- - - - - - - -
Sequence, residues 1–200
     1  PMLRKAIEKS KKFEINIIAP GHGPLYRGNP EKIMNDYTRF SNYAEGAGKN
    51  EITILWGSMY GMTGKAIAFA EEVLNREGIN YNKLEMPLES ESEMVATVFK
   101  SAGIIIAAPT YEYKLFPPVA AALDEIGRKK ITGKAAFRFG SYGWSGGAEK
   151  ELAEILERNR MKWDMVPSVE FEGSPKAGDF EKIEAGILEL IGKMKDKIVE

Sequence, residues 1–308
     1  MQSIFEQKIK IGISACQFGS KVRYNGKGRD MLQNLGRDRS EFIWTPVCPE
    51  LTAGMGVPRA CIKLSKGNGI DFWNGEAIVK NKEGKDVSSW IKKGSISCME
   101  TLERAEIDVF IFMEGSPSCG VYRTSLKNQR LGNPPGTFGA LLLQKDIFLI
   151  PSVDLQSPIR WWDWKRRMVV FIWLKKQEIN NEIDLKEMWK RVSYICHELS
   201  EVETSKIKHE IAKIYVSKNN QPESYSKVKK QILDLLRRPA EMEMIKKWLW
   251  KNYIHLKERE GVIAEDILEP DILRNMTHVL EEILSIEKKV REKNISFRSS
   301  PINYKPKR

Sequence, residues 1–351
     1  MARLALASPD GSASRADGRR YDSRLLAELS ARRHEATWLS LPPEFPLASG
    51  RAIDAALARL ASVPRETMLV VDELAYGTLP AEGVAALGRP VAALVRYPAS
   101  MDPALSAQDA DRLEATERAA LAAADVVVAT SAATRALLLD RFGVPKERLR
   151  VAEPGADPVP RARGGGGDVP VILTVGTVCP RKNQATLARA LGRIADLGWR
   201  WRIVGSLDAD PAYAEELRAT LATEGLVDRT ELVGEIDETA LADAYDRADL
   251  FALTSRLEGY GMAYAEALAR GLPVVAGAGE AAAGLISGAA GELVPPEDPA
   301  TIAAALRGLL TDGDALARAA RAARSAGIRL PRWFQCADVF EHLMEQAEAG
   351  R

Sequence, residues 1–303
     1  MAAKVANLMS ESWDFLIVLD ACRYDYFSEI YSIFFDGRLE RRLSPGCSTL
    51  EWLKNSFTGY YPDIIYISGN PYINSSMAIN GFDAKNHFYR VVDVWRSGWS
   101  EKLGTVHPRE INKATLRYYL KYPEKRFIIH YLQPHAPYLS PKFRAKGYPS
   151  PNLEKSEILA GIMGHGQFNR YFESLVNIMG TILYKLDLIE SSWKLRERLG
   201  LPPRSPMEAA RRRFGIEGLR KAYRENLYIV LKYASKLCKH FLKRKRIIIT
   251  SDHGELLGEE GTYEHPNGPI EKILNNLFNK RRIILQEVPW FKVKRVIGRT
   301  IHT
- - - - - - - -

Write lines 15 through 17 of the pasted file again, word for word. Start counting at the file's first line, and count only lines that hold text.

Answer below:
     1  MARLALASPD GSASRADGRR YDSRLLAELS ARRHEATWLS LPPEFPLASG
    51  RAIDAALARL ASVPRETMLV VDELAYGTLP AEGVAALGRP VAALVRYPAS
   101  MDPALSAQDA DRLEATERAA LAAADVVVAT SAATRALLLD RFGVPKERLR